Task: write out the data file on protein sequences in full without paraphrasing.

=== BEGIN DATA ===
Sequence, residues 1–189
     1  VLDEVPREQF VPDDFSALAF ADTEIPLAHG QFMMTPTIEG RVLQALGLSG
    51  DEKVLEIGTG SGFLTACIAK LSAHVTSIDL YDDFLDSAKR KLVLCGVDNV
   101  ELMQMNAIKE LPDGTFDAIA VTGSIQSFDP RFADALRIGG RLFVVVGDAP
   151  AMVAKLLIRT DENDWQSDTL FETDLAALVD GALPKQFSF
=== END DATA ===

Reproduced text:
Sequence, residues 1–189
     1  VLDEVPREQF VPDDFSALAF ADTEIPLAHG QFMMTPTIEG RVLQALGLSG
    51  DEKVLEIGTG SGFLTACIAK LSAHVTSIDL YDDFLDSAKR KLVLCGVDNV
   101  ELMQMNAIKE LPDGTFDAIA VTGSIQSFDP RFADALRIGG RLFVVVGDAP
   151  AMVAKLLIRT DENDWQSDTL FETDLAALVD GALPKQFSF